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Format: Paperback
In his third book on folk beliefs and faiths, Ronald Hutton takes a day by day look at the sacred year. The book can be read on its own -- indeed it is excellent as a reference book for answering all those queries generated by the folklore industry and the tourism industry. if you wqant to know about Guy Fawkes at Lewes, May Day at Padstow and lots of others, then this is the book for you. For me what was especially interesting, was the realisation that the myths surrounding the orignins of our festivals, was almost as interesting as the myths contained in the festivals and celebrations themselves. Professor Hutton expertly lays bare the fact that for many of our festivals -- they are not the archaic survival of ancient pagan rites - preserved as folkloric tradtion. In fact many of our festivals, with a few notable exceptions, date no earlier than the middle ages - a decent enough pedigree to be sure -- but definitely not pre-Christian.
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By A Customer on 18 Oct. 2001
Format: Paperback
Ronald Hutton is an excellent source of knowledge. I am buying this book as a present for a student of ancient british religions, because it is brilliant, informative and unbiased.
I have had the good fortune to be in the authors company on many occasions, and found him to be a wonderful and spiritual person, as well as being a learned and respected professor, which is why I first bought his work !
I would recommend this book to anybody who is interested in history, culture, early religions, the wheel of our year, or ancient Pagan Britain.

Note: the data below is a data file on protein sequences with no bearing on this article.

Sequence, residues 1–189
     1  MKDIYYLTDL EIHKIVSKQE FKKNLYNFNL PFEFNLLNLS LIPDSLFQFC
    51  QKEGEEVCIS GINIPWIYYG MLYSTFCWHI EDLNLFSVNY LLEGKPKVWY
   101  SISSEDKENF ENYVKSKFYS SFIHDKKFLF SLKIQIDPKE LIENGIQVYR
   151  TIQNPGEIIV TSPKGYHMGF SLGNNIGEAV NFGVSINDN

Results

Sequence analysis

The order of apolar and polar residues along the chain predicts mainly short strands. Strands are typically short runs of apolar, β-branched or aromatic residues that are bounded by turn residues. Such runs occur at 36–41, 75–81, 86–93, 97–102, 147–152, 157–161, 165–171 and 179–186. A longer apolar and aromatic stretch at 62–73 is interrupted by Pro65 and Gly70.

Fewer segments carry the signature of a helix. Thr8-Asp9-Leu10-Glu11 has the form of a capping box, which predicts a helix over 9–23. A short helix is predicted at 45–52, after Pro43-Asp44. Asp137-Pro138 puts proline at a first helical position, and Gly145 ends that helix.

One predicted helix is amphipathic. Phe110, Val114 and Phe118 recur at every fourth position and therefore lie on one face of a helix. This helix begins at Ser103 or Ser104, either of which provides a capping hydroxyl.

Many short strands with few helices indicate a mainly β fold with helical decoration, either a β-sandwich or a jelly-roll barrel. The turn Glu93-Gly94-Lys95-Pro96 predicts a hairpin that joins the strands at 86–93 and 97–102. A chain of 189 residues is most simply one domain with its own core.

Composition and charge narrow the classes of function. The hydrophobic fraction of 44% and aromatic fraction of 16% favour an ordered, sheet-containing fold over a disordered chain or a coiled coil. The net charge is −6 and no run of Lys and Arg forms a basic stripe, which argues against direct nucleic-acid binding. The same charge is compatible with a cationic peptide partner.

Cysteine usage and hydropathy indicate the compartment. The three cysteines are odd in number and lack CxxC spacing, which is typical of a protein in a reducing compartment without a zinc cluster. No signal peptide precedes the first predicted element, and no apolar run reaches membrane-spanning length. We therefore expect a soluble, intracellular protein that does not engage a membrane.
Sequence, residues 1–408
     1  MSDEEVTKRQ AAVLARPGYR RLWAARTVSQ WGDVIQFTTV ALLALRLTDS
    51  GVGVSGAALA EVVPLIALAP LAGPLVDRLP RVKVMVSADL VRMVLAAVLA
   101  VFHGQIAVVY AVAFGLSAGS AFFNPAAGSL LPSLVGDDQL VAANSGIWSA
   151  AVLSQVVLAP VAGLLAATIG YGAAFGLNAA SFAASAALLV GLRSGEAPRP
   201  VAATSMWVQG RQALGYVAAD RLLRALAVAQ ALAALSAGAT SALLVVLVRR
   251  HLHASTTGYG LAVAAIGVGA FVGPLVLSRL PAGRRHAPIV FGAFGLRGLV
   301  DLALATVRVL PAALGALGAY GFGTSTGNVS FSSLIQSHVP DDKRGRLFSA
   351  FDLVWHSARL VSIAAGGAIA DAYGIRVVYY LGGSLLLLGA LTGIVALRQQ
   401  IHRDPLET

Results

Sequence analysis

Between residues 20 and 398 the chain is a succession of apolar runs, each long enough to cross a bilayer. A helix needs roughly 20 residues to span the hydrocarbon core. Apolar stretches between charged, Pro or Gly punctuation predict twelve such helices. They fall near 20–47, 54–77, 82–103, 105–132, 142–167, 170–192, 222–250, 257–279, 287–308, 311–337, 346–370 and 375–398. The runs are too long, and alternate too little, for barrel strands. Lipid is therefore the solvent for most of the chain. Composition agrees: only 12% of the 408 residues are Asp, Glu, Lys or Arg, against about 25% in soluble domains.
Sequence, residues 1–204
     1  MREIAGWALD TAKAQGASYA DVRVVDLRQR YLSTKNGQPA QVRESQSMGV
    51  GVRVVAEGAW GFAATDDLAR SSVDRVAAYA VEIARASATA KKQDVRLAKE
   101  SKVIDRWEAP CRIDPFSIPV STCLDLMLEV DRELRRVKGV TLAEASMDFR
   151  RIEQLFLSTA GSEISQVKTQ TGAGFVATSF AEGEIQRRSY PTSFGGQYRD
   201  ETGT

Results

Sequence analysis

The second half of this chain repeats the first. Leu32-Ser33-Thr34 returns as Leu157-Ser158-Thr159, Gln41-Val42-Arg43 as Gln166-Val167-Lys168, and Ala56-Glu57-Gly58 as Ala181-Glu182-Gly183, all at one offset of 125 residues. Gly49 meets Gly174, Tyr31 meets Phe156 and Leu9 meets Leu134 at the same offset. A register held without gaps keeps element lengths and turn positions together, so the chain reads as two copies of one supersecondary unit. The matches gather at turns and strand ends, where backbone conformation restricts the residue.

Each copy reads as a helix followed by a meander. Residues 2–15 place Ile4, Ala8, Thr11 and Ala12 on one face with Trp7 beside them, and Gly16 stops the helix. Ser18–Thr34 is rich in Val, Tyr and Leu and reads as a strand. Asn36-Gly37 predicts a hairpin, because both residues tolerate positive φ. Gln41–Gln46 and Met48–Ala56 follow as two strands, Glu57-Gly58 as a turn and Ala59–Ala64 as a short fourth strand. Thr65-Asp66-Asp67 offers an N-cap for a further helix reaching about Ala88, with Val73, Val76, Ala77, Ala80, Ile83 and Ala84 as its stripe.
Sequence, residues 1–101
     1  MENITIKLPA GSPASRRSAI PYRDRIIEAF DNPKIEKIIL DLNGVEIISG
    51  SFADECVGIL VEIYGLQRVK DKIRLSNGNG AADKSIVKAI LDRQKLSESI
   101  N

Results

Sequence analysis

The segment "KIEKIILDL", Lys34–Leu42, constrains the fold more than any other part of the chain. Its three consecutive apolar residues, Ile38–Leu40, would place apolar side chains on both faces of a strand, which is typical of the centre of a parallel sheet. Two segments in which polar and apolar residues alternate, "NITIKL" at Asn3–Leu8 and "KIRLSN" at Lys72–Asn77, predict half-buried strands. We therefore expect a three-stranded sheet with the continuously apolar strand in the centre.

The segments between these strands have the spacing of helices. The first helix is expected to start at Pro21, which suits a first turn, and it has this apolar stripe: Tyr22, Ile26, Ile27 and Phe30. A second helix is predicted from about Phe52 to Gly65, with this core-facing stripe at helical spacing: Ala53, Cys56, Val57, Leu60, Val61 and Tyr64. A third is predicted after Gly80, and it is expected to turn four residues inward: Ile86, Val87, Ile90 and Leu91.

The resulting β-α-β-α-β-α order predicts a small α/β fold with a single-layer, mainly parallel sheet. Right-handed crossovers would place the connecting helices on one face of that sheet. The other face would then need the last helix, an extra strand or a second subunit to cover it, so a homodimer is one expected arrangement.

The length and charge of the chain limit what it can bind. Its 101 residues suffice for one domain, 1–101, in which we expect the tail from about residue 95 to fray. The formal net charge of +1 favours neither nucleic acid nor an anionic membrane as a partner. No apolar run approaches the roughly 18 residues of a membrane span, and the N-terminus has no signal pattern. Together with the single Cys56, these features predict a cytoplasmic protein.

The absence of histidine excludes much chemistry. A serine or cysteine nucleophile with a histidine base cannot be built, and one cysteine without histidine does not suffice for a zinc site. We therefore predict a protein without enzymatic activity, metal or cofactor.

I suspect that my collection of Hutton's work will expand with each new release - Stations of the Sun is a barrow filled with riches!!!
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Format: Hardcover Verified Purchase
As a dozen good reviews could not begin to provide a fair account of this book, I shall offer a few key points which caught my attention as introduction only.

At the outset I had hoped for a more 'traditionally' pagan account of the ancient seasonal festivals, their origins and meanings.
I was initially surprised and eventually delighted to find however that although this work is more of an Academic compote of facts and dates and included ongoing assessment of earlier authors often unfounded but sometimes inspirational conjecture than I had anticipated (of Sir James Frazer et al) nevertheless this is a very enjoyable, remarkably researched and admirably objective book-collection of essays.